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Showing posts for December of 2009
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Patrick Fitzgerald | 29 Dec 2009 12:26:36 GMT

Over the last few days there have been many articles written about an issue in Microsoft’s Internet Information Services (IIS).  This issue allows an attacker to bypass normal security restrictions when uploading a file to a Web application running on a vulnerable version of IIS.  This issue could allow an attacker to upload and execute arbitrary code with the privileges of the Web server.

There are varying reports on the severity of this issue, but according to Microsoft only poorly configured Web servers are at risk from this issue:

“An attacker would have to be authenticated and have write access to a directory on the web server with execute permissions which does not align with best practices or guidance Microsoft provides for secure server...

John McDonald | 22 Dec 2009 07:16:54 GMT

As we discussed in Part I, the primary purpose of Qakbot is to steal information from the compromised computer. In addition to targeting login details for FTP, POP3 and IMAP, the worm also attempts to steal Cookies - not only regular browser session cookies but also Flash cookies. A discussion of Flash cookies is beyond the scope of this article, but be aware that unlike traditional browser cookies, Flash cookies are not controlled through the cookie privacy controls in a browser which means they cannot be cleared or deleted in the simple manner that normal tracking cookies are removed.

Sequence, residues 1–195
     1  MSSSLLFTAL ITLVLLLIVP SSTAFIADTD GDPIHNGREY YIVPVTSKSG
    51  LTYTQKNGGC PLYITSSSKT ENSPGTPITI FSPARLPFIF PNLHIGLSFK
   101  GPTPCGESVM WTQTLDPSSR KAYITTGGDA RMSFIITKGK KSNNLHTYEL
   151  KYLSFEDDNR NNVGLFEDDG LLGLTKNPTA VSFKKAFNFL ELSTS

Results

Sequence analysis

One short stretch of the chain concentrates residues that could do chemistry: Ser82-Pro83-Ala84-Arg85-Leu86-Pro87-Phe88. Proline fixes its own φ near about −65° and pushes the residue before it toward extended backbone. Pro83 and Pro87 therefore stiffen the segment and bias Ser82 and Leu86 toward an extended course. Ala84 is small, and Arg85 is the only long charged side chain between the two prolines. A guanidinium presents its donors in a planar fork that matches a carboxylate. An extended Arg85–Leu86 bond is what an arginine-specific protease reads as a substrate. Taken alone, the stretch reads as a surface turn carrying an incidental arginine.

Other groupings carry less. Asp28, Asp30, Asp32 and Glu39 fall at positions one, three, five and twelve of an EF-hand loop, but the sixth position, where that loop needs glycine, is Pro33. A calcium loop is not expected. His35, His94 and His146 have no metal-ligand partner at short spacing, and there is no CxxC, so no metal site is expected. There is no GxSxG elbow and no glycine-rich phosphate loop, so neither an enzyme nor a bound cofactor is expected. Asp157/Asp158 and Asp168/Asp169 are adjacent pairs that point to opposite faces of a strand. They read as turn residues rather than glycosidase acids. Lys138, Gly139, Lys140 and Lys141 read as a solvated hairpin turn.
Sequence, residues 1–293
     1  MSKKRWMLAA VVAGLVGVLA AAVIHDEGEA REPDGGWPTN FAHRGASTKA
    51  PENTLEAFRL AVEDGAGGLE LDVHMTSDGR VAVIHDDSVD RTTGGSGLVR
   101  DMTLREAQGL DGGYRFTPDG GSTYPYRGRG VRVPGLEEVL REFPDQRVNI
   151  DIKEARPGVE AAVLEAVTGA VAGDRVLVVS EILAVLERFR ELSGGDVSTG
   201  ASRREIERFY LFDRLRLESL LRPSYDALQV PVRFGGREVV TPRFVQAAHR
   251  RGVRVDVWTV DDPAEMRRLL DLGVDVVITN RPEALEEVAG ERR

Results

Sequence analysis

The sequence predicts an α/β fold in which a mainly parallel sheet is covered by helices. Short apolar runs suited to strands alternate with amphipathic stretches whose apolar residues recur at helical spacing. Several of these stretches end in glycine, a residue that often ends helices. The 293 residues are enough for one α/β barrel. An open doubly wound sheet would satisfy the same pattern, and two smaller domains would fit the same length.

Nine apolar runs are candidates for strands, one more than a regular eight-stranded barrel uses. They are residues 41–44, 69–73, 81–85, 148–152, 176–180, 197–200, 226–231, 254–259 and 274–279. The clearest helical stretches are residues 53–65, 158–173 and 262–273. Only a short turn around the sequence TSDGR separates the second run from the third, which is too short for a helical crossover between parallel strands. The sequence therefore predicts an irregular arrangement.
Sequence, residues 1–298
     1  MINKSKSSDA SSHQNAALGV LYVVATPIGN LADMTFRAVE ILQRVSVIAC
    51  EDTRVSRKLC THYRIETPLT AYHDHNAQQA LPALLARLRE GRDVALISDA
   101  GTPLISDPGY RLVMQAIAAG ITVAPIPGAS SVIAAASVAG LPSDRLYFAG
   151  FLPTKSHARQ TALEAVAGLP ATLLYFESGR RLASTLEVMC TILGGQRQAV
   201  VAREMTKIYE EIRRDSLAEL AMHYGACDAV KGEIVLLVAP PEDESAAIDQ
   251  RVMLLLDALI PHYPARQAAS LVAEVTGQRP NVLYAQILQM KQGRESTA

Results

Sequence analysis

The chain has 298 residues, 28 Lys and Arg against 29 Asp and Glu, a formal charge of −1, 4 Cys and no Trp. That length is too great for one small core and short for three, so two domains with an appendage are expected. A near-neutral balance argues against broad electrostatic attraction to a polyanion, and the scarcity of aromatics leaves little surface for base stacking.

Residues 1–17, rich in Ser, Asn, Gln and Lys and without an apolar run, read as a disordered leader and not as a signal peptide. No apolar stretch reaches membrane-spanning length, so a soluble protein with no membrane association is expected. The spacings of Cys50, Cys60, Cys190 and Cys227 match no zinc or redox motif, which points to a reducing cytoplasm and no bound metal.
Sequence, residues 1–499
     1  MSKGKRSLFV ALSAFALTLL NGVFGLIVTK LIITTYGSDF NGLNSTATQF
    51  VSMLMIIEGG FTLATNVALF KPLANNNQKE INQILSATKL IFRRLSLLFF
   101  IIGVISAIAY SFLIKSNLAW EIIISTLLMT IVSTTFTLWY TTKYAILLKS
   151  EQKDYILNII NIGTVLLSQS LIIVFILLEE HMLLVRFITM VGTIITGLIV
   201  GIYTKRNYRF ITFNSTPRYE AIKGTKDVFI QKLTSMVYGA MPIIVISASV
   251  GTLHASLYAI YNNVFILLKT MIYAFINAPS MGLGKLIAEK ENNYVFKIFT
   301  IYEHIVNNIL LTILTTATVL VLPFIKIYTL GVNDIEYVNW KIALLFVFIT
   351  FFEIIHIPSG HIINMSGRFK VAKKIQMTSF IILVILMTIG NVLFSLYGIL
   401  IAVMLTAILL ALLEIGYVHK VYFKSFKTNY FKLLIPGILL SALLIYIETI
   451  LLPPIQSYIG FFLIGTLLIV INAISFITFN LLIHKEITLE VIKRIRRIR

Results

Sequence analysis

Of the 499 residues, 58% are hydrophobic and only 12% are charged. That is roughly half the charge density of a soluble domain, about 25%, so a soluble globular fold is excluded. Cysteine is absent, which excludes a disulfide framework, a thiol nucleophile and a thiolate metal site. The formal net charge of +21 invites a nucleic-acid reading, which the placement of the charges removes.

Qakbot uses several techniques to collect private keys from the system certificates contained on the compromised computer. First, it replaces all certificate-related dialog boxes so that the “OK” button is automatically pushed as soon as the dialog is created...

Shunichi Imano | 21 Dec 2009 07:54:47 GMT

We recently had the opportunity to revisit a threat that first appeared on our radar back in May of this year. W32.Qakbot (hereafter referred to as Qakbot) is a somewhat benign worm that is capable of spreading through network shares, downloading additional files and opening a back door on the compromised computer, all in aid of its ultimate goal. Benign not because it is harmless - stealing login details, reporting keystrokes and uploading system certificates is malicious behavior indeed - but as will become obvious as we describe it in more detail below, because it moves slowly and with caution, trying not to bring attention to its presence.

The motive of Qakbot is quite clear, to steal information. Taking a peak under the proverbial covers, we see that it  uses several components to accomplish the task, including the following:

  • ...
Samir_Patil | 18 Dec 2009 18:09:15 GMT

Spammers are recycling their old spamming methods after more than two years. Symantec reported an .mp3 version of pump-and-dump stock spam back in October 2007.

In this recent spam attack, a small .mp3 file promoting a meds domain is attached in the email messages. These email messages contain no subject line or message body. The .mp3 file is a five-second message recorded in a female voice and promotes a particular meds domain. The file is approximately 11 KB in size and recorded at a 16 kbps bit rate. The voice is heavily distorted with background noise. The domain name described in the file is a recently registered domain in China.

Some of the random filenames used are as follows:


Hon Lau | 18 Dec 2009 17:01:03 GMT

Those looking to see the latest 3D blockbuster movie, The Avatar, on the cheap will have to take great care in what they search for. We have become aware of at least one site that has been rigged to redirect users to a page that presents the now-familiar "play video/need codec" screen. In an unusual twist, this time it is offering a new ActiveX update rather than the usual codec or Flash player updates.



Clicking on the play button or icon will send a request to, which will then eventually offer you a file named along the lines of Activex_Setup[1].45158.exe from the domain. This is now detected as Trojan.FakeAV.